Mar 032015
 

Happy first What’s on Your Workdesk Wednesday  of March!

2015 03 05 woyww wire wrapped earrings

Today I’m still working through Abby Hook’s Wire Jewelry Masterclass.

2015 03 05 woyww wire wrapped earrings close

Here is one of her Mermaid’s Purse earrings done and the frame for the second one started.

I love that the fine gauge wire was reclaimed from discarded electronics by my son. All I have to do is run it through a candle flame to burn off the coating, then remove the firescale with a bit of sandpaper.

Wondering why I’m posting photos of my desk? Well it’s What’s on Your Workdesk Wednesday, the day we all go visiting the creative spaces of creative people all over the world. The blog link party starts at Julia’s.

Mar 022015
 

Have you found that sometimes the simplest of supplies can make a project with great impact?

turquoise & silver dangle earrings

I love the simplicity of a single color bead, today it’s turquoise, in a single repeating motif, just simple dangles on silver plated headpins on a silver plated chain.

The trickiest part, as I mention in the video, is working with this tiny chain. You can make it easier on your eyes and use larger chain, putting a dangle on either side of each chain link.

Enjoy the video and happy creating!

You can watch the Turquoise and Silver Dangle Earrings Video Tutorial over at YouTube.

 Materials:

  • 2 silver plated ear wires
  • 2 4mm silver plated jump rings
  • 20 silver plated head pins
  • 2 11-link pieces 12-link-per-inch silver plated chain
  • 20 4mm turquoise beads

Tools:

  • chain nose pliers
  • round nose pliers
  • wire cutters.
  1. Slide a turquoise bead onto a head pin. Trim wire above bead to 3/8-inch. Grasp wire with tips of round nose pliers and twist to form a simple loop.
  2. Repeat to make simple loop dangles on other head pins.
  3. Use chain nose pliers to open a simple loop by twisting it to one side. Place loop into a link of chain. Close loop securely. Repeat to place a bead dangles on all but one end chain link of each chain piece.
  4. Open a jump ring and slide on the last link of chain and an ear wire. Close jump ring securely. Repeat to make second earring.

What combination of colors would you use to make these earrings?

Happy creating!

Feb 272015
 

Friday Findings-S Clasp

With the right tools it really is very simple to make your own jewelry findings. This “S” clasp has an elegant look, but you can make one in just a few minutes.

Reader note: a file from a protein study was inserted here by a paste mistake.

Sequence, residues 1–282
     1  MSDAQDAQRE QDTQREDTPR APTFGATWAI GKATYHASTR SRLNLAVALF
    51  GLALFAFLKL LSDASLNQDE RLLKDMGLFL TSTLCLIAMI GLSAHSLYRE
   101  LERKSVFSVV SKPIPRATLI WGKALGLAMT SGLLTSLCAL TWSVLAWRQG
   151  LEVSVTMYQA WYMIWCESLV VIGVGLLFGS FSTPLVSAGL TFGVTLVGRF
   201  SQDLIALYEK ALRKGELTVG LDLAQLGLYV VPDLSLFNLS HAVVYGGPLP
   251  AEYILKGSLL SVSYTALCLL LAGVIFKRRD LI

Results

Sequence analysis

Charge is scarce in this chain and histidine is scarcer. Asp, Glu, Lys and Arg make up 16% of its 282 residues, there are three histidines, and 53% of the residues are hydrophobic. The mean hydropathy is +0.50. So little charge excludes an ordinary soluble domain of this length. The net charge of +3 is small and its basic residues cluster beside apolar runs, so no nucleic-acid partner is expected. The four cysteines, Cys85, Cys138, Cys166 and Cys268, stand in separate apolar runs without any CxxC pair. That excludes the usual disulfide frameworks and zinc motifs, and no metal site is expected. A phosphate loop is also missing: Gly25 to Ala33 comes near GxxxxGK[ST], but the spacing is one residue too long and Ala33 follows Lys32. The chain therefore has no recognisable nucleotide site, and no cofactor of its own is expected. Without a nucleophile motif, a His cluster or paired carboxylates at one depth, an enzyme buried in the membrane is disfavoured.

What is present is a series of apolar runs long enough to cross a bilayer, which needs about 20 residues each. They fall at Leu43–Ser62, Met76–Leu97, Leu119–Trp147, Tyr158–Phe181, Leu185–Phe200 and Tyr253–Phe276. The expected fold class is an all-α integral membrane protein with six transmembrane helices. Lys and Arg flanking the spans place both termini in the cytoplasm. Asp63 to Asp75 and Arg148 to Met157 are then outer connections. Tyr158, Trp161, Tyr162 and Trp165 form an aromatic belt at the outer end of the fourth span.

The tools I used to make this clasp:

Enjoy the video and happy creating!

You can watch the Friday Findings-Quick “S” Clasp video tutorial over at YouTube.

Feb 262015
 

This week I’m going from one extreme to another. Since dragon #6, Rosalita, took SO long to make, I decided to go for a much smaller scale this time around.

To learn why I’m making a dragon every week check out this post on Errol, dragon #1, for the details.

Meet Frodo and Sam.

dragon #7 & #8 Frodo & Sam (1)

Click on any of the photos for a closer look.

Since Rosalita took over 2 weeks, I was one dragon behind. So I made a pair for you this week.

dragon #7 & #8 Frodo & Sam (2)

The “cabochons” are actually the two halves of a glass bead I  made when I was first learning to lampwork. I let it cool off too quickly and it cracked.

dragon #7 & #8 Frodo & Sam (3)

The original intent was to make a pair of earrings, but they ended up too big. They’re 1 1/4-inches tall and 1-inch across. (Rosalita’s head is bigger than that!) The little dragon’s head’s are only 6mm (1/4-inch) long.

dragon #7 & #8 Frodo & Sam (4)

A dusting of Perfect Pearls gives them their shimmer. I had thought to antique them to bring out the details, but kinda like that you have to look for a moment to realize that they’re dragons. :-)

If you’d like to keep up with my dragon creations this year, I’ve made a Thursday’s Dragon Pinterest board just for them.

Feb 242015
 

Happy What’s on Your Workdesk Wednesday everyone!

2015 02 25 woyww  copper S clasp (1)

Today I’m finishing a necklace using techniques from Abby Hook’s Wire Jewelry Masterclass. Last week I showed you the figure eight chain in progress, plus the pendant.

2015 02 25 woyww  copper S clasp (2)

This week I’m putting it all together by making hook clasps. The two in the upper left didn’t come out quite right, but the bottom ones will do.

2015 02 25 woyww  copper S clasp (3)

Now the necklace is all done except for a  Liver of Sulfur patina. If you’re interested in knowing what that is, I made a video explaining the process: Liver of Sulfur Patinas

If you’re wondering why I’m sharing photos of my desk, well, it’s What’s on Your Workdesk Wednesday, the day we all get together at Julia’s and take a peek at each other’s creative goings on. It’s always fun and often inspiring. Join us if you have a the time.

Feb 232015
 

pink & purple chain bracelet (1)

Sometimes it’s fun to dig through the bead stash and pull out bits & pieces of chain, some orphan beads & put them all together in a pretty piece of jewelry.

pink & purple chain bracelet (2)

The gold chain and charms tie in all the differing components of this bracelet to make a varied and interesting whole.

What bits & pieces are in your bead collection that might work together?

Happy creating and enjoy the video!

You can watch the Pink & Purple Chain Bracelet Video Tutorial over at YouTube.

Materials:

  • 10 8-10mm beads
  • 12 6mm beads
  • 5 charms & 5 jump rings
  • (or make your own charm dangles by adding assorted metal beads to headpins)
  • 3 different styles of chain 6-7 inches of each (or use a variety of small bits and pieces)
  • 20 gauge wire
  • 12 headpins
  • toggle clasp
  • 2 split rings

Tools:

  • chain nose pliers
  • round nose pliers
  • wire cutters

See the video for detailed instructions.